Brazilian rosewood is highly desirable, exceptionally rare and heavily regulated. It is regarded as one of the finest tonewoods; hard, stiff, and highly resonant with a glass-like ring that sustains; it has a floral scent, similar to roses, thus the name.
Latin Name: dalbergia nigra
Origin: Brazil: Mata Atlantica (Forest of Brazil), and scattered throughout the Brazilian states of Bahia, Minas Gerais, Espırito Santo, Rio de Janeiro and Sao Paulo.
Tone Profile: A very hard, heavy wood that produces a loud, warm, rich tone, with full deep bases, and brilliant trebles, know for it’s sustain and clarity.
Application: Custom instruments.
Comparison: Less expensive, more readily available substitutes include East Indian rosewood, Madagascan rosewood, cocobolo and Honduran rosewood
Aesthetics: Can vary from brick red and burnt orange to shades of dark brown to violet color with black spidery streaks, it looks best when quarter sawn, and can exhibit straight grain and homogenous color or wild landscape-like figuration, often compared to spider webbing.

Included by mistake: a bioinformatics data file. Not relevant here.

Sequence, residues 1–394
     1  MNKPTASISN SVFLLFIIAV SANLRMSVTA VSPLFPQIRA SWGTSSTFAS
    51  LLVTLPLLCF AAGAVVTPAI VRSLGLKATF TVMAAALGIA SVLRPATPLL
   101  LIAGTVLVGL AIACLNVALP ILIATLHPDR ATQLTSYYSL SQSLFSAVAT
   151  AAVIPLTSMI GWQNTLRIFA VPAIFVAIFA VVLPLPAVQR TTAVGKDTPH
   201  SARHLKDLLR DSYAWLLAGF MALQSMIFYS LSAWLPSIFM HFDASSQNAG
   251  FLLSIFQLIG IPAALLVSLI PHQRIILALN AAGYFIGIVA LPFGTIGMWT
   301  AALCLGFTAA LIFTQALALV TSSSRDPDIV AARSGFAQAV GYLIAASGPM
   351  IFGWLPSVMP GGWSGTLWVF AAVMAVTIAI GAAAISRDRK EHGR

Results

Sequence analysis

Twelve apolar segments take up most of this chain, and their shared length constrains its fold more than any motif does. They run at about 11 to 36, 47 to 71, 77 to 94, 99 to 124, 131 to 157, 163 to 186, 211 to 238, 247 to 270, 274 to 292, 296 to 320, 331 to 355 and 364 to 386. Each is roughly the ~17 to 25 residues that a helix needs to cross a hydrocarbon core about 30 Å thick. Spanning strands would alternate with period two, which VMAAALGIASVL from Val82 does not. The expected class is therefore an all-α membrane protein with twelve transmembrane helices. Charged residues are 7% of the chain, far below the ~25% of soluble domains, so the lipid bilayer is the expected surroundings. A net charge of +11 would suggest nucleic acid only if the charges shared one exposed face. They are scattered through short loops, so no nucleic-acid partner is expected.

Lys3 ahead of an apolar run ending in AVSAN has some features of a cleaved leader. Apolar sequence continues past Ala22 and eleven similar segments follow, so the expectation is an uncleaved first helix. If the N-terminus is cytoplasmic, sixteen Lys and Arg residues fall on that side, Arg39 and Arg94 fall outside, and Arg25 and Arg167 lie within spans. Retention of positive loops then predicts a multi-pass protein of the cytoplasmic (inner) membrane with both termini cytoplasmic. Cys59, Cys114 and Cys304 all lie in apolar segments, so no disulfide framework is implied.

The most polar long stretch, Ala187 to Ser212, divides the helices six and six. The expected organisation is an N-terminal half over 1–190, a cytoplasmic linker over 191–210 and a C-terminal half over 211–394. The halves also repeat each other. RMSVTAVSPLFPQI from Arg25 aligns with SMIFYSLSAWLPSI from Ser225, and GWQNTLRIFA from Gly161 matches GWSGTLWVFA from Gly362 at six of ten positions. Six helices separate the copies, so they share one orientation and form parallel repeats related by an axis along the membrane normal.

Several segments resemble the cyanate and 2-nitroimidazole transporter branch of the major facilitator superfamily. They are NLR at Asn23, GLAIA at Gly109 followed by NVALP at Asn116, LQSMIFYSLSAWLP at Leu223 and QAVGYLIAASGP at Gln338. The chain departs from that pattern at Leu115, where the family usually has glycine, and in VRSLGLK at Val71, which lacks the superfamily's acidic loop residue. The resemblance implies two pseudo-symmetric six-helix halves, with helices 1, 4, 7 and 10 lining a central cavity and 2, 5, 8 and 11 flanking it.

Backstory: Brazilian rosewood is an endangered species, and has been illegal to harvest since 1964. Instruments are still being made from Brazilian, due to a very limited supply of Brazilian that was harvested prior to the 1964 ban. However, legal instruments must have the appropriate CITES paperwork, proving that the harvested wood landed in Europe prior to the ban. If there is no paperwork, chances are the Brazilian was illegally sourced.
Trivia / Fact: In order to travel internationally with a guitar made from Brazilian rosewood, the player must have paperwork that proves the wood was harvested, and in Europe, prior to the 1964 ban.